Saturday, Oct 01, 2022

Amid Renewed Coronavirus Scare, Devotees Take Part In Attukal Pongala In Kerala

Even as six new cases of COVID-19 were identified in neighbouring Pathanamthitta district, devotees participated in the annual Attukal Pongala festival.

Photo Credit: V. V. Biju

Neither the sweltering heat nor renewed fears over Coronavirus deterred lakhs of women from participating in the annual Attukal Pongala festival in the city on Monday. Even as six new cases of COVID-19 were identified in neighbouring Pathanamthitta district, devotees – many wearing disposable face masks – from across the state and beyond lined the streets from dawn to noon.

As the smoke from the burning hearths cleared and the pilgrims consumed the pongala offering – a gruelling mix of rice, jaggery and scraped coconut prepared over an open flame -- some wondered if it was not a recipe for disaster.

“Initially, we were concerned about the reports of the new cases. But most have been regularly participating in the festival for several years. The authorities had said that precautions had been taken. Seeing the crowds, we had second thoughts but decided to not break the tradition and left it in the hands of the Goddess,” said Vidya Sreedhar, who was part of a group that made the five-hour rail journey down from Kochi on Sunday and slept rough overnight.

Across the festival zone, public transport hubs, health teams, police officers and officials were ubiquitous. Health guidelines in Malayalam, Tamil and English blared over the PA systems. Tourists were questioned to ascertain whether they had been to areas hit by COVID-19. After a visit to the Attukal Bhagavathy temple, tourism minister Kadakampally Surendran said that a group of holidaymakers from the Kovalam area had been turned back from visiting congested areas. He added that hotels had been instructed to inform foreign tourists to not venture into the temple zone.

People showing flu-like symptoms were also approached, though there had been no reports of anyone else being barred in any of the 30-odd wards where the ritual cooking is held. Residents who had not marked out their spots for the cooking hearths in advance were asked to conduct the ritual at their homes. In some areas, volunteer groups and resident associations handed out masks and pamphlets on basic prevention and hygiene while noting down details of attendees.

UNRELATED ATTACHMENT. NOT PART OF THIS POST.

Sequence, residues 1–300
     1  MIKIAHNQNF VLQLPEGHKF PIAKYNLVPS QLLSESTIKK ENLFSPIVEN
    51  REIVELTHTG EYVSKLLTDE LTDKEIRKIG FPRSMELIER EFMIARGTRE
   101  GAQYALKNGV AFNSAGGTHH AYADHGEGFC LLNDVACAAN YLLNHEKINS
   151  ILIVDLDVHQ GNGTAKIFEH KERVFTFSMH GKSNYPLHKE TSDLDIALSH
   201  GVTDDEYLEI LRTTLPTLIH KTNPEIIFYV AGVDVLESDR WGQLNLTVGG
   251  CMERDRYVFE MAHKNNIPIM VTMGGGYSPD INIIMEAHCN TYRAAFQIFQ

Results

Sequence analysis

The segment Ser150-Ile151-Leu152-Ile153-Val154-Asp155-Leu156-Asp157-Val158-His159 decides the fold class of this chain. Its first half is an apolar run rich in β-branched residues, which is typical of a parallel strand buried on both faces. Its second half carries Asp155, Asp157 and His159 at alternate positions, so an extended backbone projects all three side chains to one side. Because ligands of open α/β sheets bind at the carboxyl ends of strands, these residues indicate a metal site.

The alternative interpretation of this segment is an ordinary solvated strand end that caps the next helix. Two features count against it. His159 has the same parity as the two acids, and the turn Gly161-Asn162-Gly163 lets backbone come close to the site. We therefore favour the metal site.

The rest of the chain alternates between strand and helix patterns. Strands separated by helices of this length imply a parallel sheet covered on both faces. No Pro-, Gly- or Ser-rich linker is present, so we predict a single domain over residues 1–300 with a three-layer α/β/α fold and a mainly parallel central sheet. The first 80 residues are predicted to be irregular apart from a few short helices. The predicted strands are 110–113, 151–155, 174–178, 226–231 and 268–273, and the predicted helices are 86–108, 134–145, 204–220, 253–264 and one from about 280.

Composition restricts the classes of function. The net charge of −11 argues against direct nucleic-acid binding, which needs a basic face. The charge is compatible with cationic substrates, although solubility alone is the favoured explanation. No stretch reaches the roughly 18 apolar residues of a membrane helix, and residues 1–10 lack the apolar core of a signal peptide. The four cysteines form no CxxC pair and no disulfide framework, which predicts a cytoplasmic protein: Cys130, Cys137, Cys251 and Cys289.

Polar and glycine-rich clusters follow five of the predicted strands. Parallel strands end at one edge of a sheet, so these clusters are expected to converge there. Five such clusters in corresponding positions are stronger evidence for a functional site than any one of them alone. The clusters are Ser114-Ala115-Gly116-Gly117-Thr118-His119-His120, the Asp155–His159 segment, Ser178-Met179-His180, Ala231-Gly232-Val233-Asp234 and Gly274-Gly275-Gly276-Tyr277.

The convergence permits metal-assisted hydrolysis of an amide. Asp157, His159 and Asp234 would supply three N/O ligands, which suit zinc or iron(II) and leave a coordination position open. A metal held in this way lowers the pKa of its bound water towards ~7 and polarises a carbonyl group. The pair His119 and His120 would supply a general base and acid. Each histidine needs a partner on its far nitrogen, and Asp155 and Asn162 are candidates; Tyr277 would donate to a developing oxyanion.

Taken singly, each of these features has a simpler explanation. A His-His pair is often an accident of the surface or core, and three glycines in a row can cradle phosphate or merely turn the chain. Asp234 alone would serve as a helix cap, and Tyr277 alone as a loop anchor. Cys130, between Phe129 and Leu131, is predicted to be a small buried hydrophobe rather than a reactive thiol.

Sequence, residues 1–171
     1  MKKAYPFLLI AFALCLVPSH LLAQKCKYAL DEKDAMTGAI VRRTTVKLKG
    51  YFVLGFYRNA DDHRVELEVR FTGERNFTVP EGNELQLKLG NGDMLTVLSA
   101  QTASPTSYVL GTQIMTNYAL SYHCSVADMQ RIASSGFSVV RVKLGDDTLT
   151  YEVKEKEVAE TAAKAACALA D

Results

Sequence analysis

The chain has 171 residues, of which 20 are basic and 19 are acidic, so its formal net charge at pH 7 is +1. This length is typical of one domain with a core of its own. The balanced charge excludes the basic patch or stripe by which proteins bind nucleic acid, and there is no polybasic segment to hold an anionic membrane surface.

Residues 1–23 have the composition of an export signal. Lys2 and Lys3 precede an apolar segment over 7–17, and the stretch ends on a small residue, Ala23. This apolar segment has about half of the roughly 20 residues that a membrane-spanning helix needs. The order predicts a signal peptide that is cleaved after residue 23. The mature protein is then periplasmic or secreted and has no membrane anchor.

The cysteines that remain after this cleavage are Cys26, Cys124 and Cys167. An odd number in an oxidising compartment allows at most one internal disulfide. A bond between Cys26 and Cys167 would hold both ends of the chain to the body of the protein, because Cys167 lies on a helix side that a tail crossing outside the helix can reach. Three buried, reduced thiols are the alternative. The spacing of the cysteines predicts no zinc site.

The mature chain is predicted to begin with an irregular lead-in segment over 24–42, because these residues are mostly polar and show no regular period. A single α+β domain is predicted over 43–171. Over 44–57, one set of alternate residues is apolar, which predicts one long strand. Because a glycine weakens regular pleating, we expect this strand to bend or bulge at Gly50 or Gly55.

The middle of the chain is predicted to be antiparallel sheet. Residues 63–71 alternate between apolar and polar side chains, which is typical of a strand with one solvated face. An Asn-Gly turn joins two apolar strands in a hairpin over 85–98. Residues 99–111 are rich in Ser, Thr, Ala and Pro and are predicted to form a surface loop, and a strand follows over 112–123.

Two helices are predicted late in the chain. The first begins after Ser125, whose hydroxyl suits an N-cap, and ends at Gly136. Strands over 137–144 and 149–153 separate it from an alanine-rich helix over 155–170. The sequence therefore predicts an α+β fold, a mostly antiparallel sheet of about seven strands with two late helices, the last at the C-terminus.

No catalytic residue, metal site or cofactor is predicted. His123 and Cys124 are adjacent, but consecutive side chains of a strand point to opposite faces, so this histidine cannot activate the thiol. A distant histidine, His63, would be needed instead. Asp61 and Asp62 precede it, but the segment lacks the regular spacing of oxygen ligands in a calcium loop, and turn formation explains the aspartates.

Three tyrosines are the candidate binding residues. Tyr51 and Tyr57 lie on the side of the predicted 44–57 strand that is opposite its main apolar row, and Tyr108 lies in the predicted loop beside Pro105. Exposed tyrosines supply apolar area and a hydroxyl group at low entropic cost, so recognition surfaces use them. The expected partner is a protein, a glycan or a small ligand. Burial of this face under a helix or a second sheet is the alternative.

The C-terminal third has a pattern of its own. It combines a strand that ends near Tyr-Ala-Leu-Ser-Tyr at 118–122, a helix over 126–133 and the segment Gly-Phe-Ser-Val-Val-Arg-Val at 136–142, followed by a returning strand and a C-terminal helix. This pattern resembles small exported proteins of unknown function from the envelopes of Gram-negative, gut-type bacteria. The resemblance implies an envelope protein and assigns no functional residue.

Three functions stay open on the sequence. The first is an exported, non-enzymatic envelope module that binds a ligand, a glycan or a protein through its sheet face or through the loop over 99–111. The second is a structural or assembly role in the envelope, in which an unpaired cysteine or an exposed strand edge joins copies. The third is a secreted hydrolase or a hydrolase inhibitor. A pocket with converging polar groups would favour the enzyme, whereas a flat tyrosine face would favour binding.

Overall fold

“Since the devotees are spending the whole day in close quarters, it was important to pass on the government-issued guidelines on how best they can protect themselves,” said Geetika Anuj, who helped organise an awareness camp near the airport. She noted that there had been a run on hand sanitisers in the city shops and dispensaries over the weekend.

In the temple itself, regular sanitisation of public spaces and high-contact points like railings as also proper queue management was made mandatory. Health Minister K.K. Shailaja conducted an inspection of the temple complex in the morning. Speaking to the media on Sunday, she said, “Since months of preparations would be upended if the festival was canceled, the government had decided to go ahead with it. Strict instructions have been issued that those showing any symptoms of the virus should avoid crowded places. Video of participants would also be taken to make it easier to get in touch with them should any issues arise.”

District collector K. Gopalakrishnan noted that 23 health services teams would be on high alert throughout the day. In addition, 40 ambulances were ordered to remain on standby. As well, he said, a range of public safety concerns, including street lighting, food and water safety besides e-toilets had been addressed. In addition to the increased police bandobast, CCTV cameras were installed at a number of high-traffic areas.

However, not everyone is convinced. “When there is a Union health ministry circular to avoid mass gatherings to prevent the spread of COVID-19, why is Kerala the exception? In spite of all the precautions, there is going to be a public health crisis at the end of this,” a senior medical professional said.

Noting that the guidelines in place offered the best chance of prevention, state Nodal Officer of Public Health Emergency of International Concerns Dr Amar Fettle said, “The Attukal Pongala is here and will be over soon. But the festival season in the state is ongoing. If anyone knows of any point where someone can be successfully barred from attending, I would ask them to share that info with us. Such measures won’t work. There is no way for us to screen or question the lakhs of people who are going to come into the state in the coming months. The onus is on them to stay away and report to the local health authorities if they suspect anything.”